Thomas Ingmire Calligraphy and Poetry in Collaboration
San Francisco—The San Francisco Public Library’s Book Arts & Special Collections Center is pleased to present Visual Poetry: a Lyrical Twist, featuring Thomas Ingmire’s unique modern and expressive calligraphy in the creation of collaborative works with eleven contemporary poets. Poetry readings open the show on November 17, 2018, at 1:00 p.m., in the Koret Auditorium, with a reception to follow. The exhibition is on view through March 31, 2019, in the Jewett Gallery, Main Library.
Bay Area poets Jack Hirschman, Dean Rader and Tsering Wangmo Dhompa are featured along with poets Li-Young Lee, Robert Bringhurst, David Annwn, Christine Kennedy, Geraldine Monk, Alan Halsey, Allen Fisher and Robert Sheppard. The exhibition features unique artists’ books—works that build on a tradition of visual artists and poets being inspired by each other.
Ingmire has been a practicing calligrapher since 1977 and currently lives and works in San Francisco. For the last 20 years, he has concentrated on the making of artists’ books, exhibiting widely in the United States and abroad. In describing Visual Poetry: a Lyrical Twist Ingmire writes, “For over three decades, I have drawn on poetry typically associated with modern calligraphy, including texts by William Blake, Arthur Rimbaud, Dylan Thomas, Denise Levertov, and Wallace Stevens. Traditional characteristics of elegant writing and decoration have been part of my work, but I was also interested in the pictorial possibilities of language itself: the word as image, and the expressive potential of calligraphy to capture the emotion and atmosphere of a text. This involved the creation of new non-traditional letterforms and testing the limits of various techniques including distortion, fragmentation, shifts in placement of text, composition, and color. I am intrigued by the ways these adjustments can influence the reception and meaning of a poem.
In this exhibit I continue the visual interpretation of poetry, but attempt something additional. Working in collaboration with contemporary poets, I have incorporated their actual voice, concerns, and interests. Trying to find a working language for engagement with the poets led to the idea of making music part of the collaboration process. Music not only served as a linking device, but an inspiration for both calligraphy and the poetry. Connecting words to music opened new doors for my thinking about meaning, which in turn led to new images, letterforms, and page compositions. I hope this exhibition—resulting in books, drawings, and broadsides—invites your own broadening experience with the poetry you will read and see here, as well as your involvement with poetry in the future.”
Jack Hirschman, Dean Rader, and Tsering Wangmo Dhompa are poets residing in the Bay Area. Li-Young Lee, from Chicago, is a recent recipient of the Levinson prize for his poem, “Changing Places in the Fire.” Robert Bringhurst, from Canada, and David Annwn, Christine Kennedy, Geraldine Monk, Alan Halsey, Allen Fisher, and Robert Sheppard, all from the UK, have been associated with the British Poetry revival. The exhibition features unique artists’ books and framed wall pieces, including a 35 foot long rendition of Li-Young Lee's poem.
Thomas Ingmire: Biography
Thomas Ingmire was born in 1942 in Ft. Wayne, Indiana. He received his Bachelor’s and Master’s degrees in Landscape Architecture and worked in the field in the early 1970s before discovering calligraphy. In 1977 he joined English master calligrapher and illuminator Donald Jackson’s one-year postgraduate study, and subsequently became the first foreign member to be elected as a Fellow of England’s Society of Scribes and Illuminators. In 1980, Ingmire was granted a Newberry Fellowship for the continuing study of calligraphy.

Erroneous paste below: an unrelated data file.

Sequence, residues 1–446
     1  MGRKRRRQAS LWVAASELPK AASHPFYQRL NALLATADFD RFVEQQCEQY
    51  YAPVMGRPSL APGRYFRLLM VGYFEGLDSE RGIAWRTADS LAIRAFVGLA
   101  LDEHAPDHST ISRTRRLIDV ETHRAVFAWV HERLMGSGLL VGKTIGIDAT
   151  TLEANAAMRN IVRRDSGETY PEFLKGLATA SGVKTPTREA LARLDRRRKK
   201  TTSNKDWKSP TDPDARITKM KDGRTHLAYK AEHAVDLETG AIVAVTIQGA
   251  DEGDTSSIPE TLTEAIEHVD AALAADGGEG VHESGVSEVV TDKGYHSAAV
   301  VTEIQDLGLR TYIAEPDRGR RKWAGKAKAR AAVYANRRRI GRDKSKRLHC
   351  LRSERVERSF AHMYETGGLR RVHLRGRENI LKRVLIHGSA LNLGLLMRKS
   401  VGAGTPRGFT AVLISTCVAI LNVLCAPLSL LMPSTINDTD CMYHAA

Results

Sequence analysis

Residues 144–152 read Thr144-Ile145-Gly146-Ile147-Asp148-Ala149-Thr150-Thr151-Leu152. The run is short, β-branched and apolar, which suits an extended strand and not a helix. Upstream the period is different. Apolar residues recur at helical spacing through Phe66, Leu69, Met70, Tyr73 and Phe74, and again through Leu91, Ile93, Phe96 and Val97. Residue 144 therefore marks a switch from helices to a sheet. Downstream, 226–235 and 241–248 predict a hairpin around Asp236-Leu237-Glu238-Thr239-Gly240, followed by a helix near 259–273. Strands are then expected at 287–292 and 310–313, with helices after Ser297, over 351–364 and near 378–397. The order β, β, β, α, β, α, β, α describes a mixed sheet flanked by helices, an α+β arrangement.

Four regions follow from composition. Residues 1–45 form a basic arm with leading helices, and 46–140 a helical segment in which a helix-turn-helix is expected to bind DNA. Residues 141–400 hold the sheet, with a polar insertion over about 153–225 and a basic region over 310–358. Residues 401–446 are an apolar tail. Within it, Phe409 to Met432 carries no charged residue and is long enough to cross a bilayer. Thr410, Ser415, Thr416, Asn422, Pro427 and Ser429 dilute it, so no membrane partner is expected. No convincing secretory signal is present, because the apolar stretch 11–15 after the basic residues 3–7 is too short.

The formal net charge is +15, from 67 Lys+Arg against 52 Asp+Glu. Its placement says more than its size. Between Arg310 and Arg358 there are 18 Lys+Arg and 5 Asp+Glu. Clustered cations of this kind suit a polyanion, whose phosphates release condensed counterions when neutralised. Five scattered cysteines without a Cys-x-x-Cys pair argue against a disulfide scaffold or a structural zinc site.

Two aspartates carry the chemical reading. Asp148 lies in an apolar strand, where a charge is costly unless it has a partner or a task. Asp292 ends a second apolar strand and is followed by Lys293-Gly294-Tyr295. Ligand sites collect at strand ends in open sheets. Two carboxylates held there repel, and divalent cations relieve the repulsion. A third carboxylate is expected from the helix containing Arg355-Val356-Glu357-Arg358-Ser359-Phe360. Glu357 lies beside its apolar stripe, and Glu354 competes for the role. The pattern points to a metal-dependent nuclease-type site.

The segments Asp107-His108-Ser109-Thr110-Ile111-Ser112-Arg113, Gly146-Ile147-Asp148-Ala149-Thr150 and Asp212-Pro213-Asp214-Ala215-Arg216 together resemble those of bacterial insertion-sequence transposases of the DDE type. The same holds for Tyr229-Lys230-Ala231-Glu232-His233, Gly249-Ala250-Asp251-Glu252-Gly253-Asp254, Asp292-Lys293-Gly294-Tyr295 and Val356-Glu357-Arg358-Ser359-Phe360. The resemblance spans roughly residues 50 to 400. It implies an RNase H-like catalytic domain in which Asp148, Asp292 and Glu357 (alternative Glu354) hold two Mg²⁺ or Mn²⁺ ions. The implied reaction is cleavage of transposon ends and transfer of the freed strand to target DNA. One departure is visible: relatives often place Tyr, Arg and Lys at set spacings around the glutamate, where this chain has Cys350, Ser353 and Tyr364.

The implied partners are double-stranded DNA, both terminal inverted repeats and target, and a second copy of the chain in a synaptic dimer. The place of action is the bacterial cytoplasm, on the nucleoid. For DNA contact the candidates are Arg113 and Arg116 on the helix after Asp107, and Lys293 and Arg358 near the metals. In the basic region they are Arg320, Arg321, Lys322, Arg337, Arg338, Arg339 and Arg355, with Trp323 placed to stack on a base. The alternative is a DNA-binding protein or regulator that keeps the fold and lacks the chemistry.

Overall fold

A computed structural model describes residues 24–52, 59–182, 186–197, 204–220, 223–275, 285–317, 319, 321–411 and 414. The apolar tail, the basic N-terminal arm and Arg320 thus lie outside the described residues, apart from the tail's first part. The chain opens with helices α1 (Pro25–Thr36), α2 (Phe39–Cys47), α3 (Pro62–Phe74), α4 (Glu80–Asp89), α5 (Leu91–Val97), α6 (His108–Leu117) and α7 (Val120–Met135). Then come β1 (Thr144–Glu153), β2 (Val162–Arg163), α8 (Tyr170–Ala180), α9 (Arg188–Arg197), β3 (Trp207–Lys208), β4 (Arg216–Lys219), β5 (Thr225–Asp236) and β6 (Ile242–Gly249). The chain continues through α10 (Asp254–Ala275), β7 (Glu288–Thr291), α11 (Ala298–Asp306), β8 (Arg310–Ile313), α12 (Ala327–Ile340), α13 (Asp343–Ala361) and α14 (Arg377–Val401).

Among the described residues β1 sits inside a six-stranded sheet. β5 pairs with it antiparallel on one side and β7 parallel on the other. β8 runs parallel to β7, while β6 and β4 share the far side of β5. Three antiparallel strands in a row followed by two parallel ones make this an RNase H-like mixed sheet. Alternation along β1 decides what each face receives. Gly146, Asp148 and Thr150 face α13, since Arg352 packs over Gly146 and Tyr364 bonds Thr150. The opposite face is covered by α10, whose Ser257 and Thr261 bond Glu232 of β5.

Ingmire’s early work focused on teaching and calligraphic research involving the exploration of calligraphy as a fine arts medium. He has taught workshops throughout the United States, Canada, Australia, and several countries in Europe as well as in Japan and Hong Kong.
Ingmire has exhibited widely in the United States and abroad. His works can be found in numerous special collections in public and university libraries, and museums throughout the United States, including the San Francisco Public Library; the Library of Congress; The Morgan Library, New York; The New York Public Library; The Newberry Library, Chicago; Stanford University Library; University of California, Los Angeles; Beinecke Library, Yale University; Lorca Foundation, Spain; The Metropolitan Museum of Art, New York; Letterform Archive, San Francisco; National Gallery of Art, Washington, D.C.; the Sackner Archive of Concrete and Visual Poetry, Miami; the Victoria & Albert Museum, London; Stiftung Archiv der Akademie der Künstem Berlin, Germany, and many other public and private collections.
Since 2002, Ingmire has concentrated on the making of artists’ books. He has embarked on a number of collaborative projects, including a series of artists’ books with poetry by Pablo Neruda and Federico Garcia Lorca and original drawings by Manuel Neri; work as an illuminator on the St. John’s Bible; and two major series of works with a number of contemporary poets.
The exhibition is sponsored by the Marjorie G. and Carl W. Stern Book Arts and Special Collections Center of the San Francisco Public Library. The center houses highly esteemed collections, including the Robert Grabhorn Collection on the History of Printing and the Development of the Book, the Richard Harrison Collection of Calligraphy and Lettering, and the Schmulowitz Collection of Wit and Humor.
High resolution images available upon request.
Visual Poetry: a Lyrical Twist – Nov. 17-March 31, 2019, Main Library, Jewett Gallery
Opening event poetry readings – Nov. 17, 1 p.m., Main Library, Koret Auditorium